Granderson Stealing Spotlight from Angels’ Biggest Needs: Pitching, Catching


Baseball’s hot stove season is finally in full swing, and rumors are flying out of the ballparks of every contender in both leagues.

From the Big A, reports are swirling in left field, where the Los Angeles Angels of Anaheim may make a significant upgrade with the potential acquisition of Curtis Granderson from the Detroit Tigers.

In return, the Tigers are looking for a package that could include Brandon Wood, Maicer Izturis, Chris Pettit, and Jose Arredondo.

As Jim Rome would say, this deal seems like “the biggest no-brainer in the history of mankind.”

Replaceable infielders, minor league prospects, and a shaky reliever for one of the most electrifying outfielders in the American League? Where does Tony Reagins sign?

Granderson adds speed to the outfield and power to the lineup, and the Angels finally put their log-jammed minor league system to good use.

However, there is a downside.

The deal would be a promising one, and would help fill the void left by Vladimir Guerrero at designated hitter/fourth outfielder. But DH is not the Angels’ most pressing issue, and giving up those prospects might hinder the team’s ability to address greater needs.

John Lackey, the Angels’ ace and No. 1 starter, is testing the free agent market for the first time in his career and will be asking for a sizable chunk of change.

He has expressed his interest in returning to Anaheim, but that sentiment is only as meaningful as the girth of the Angels’ offer to him.

If the Boston Red Sox, Milwaukee Brewers, or New York Mets outbid us, even by a little, we can kiss the big Texan goodbye.

The other area the Angels should improve upon is one that was ignored all season long, but has finally hit a tipping point: catching.

Mike Napoli and Jeff Mathis are each able catchers in their own ways, but both have faults that far outweigh their better qualities.

Napoli’s power is dazzling but far too inconsistent, his bat going from hot to cold quicker than a muscle relaxing patch. Add to that his inaccurate throwing arm and below-average defensive abilities, and Nap is just not suited for the starting roll.

Mathis has the glove to keep his job as a backup, but a career .200 batting average with little power, if any, will prevent him from ever starting for any team.

Both also strike out an alarming rate, stranding runners on base and killing rallies dead in their tracks.

The solution? Bengie Molina.

Call me crazy if you want, but rest assured, I’m crazy like a fox.

No, Molina is not the sexiest free agent on the market and his return to Anaheim would be a shock. But take a closer look at his numbers and consider the impact his signing would make.

Our boy Bengie batted .265 in 2009, with 20 home runs and 80 RBI. That’s a dying quail away from Napoli’s .272 average, and while the homers are a push, Nap drove in 26 fewer runs.

Not surprising, considering Molina’s numbers with men on base. He reached a career high with 11 sacrifice flies—eight more than Napoli—and had 35 fewer strikeouts despite his nearly 100 more plate appearances.

A former two-time Gold Glove winner with the Angels, Molina’s bulky frame would be a welcome sight behind the plate again, blocking balls and throwing out 10 percent more would-be base-stealers than Napoli for his career.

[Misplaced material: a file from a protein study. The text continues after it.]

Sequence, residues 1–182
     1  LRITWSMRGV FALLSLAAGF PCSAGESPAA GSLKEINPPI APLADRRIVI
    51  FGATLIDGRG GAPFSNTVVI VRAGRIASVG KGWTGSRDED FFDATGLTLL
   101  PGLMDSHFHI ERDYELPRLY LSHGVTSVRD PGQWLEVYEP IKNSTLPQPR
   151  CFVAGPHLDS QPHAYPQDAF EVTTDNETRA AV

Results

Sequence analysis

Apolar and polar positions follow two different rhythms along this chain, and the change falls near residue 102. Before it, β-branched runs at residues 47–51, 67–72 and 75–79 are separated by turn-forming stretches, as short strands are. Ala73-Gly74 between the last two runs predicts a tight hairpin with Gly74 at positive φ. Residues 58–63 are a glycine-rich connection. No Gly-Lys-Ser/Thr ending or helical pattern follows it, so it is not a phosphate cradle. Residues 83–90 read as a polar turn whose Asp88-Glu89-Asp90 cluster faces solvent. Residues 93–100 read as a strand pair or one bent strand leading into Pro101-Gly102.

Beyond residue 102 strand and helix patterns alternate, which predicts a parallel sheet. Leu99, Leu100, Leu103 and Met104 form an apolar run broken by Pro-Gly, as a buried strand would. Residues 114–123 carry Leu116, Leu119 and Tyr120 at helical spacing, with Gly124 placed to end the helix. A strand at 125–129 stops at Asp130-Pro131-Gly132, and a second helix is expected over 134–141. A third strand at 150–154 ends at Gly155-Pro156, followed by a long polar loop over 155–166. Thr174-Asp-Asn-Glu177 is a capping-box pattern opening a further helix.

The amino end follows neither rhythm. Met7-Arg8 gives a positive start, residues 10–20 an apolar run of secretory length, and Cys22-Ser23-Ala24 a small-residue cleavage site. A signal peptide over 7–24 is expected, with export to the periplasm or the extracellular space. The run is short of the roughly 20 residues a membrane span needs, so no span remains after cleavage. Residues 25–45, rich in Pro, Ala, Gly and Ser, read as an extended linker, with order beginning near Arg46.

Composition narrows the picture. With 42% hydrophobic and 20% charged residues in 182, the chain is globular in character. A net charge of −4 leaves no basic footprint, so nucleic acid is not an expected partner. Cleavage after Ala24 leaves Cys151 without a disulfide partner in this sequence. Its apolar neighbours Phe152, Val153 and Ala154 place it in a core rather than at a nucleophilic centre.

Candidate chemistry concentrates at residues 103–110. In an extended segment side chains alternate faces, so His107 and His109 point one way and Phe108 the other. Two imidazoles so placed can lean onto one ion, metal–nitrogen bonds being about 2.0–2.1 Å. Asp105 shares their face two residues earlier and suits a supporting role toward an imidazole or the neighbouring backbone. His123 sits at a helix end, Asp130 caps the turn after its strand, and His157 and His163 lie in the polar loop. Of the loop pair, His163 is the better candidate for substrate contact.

Short discussions and a two-year deal later, fans would welcome back the eldest flying Molina brother with (very) wide open arms.

With Mathis’ defensive skills securing his job as backup, the move would free the Angels up to trade Napoli, who generated some interest around the non-waiver trade deadline this year.

And where better to send him than Toronto?

The Blue Jays have all but publicly announced that they will not be bringing Rod Barajas back and have been rumored to be looking for a new starting backstop.

Can anyone think of any other trades the Jays might be involved in?

That’s right, this is all part of another ploy to bring Roy Halladay to the Big A. And we have what they need.

Napoli can take over the starting catching job for the Jays, Gary Matthews, Jr. can replace Alex Rios’ speed in the outfield, Brandon Wood can fill the shortstop role vacated by Marco Scutaro, and any two pitching prospects from the Angels can replenish Toronto’s minor league system.

If they are indeed looking for another starter to replace Halladay in the lineup, as some have suggested, then I’m willing to part with Ervin Santana as well.

True, his departure would create another gap in the rotation, but consider your starting four if the deal was made: Halladay, Jered Weaver, Scott Kazmir, and Joe Saunders.

With that stellar starting four, the Angels could easily plug one of their remaining prospects into the No. 5 spot, or sign a lower-priced free agent.

Ben Sheets, for example, is looking to make a big comeback, but his recent injury struggles have made him a less-desirable—and thus, cheaper—candidate.

If, after all of that, the Angels have enough left over to make a play for Granderson, then by all means go get him. He is a unique talent with incredible attributes that will make him valuable for years to come.

But he should not be the team’s top priority at this point.

The Angels are looking at a very precarious offseason, and right now their future could be tipped in either direction.

Wait too long and too many free agents might slip through their fingers. Act too quickly and opportunities yet to be revealed may be out of reach before they even appear.

It’s easy to get caught watching those rumors fly like moonshot home runs, and I may sound like a slackjawed fan in the bleachers. But the numbers are solid and the moves are sound.

The Angels need to understand their most pressing issues and address them while they still can.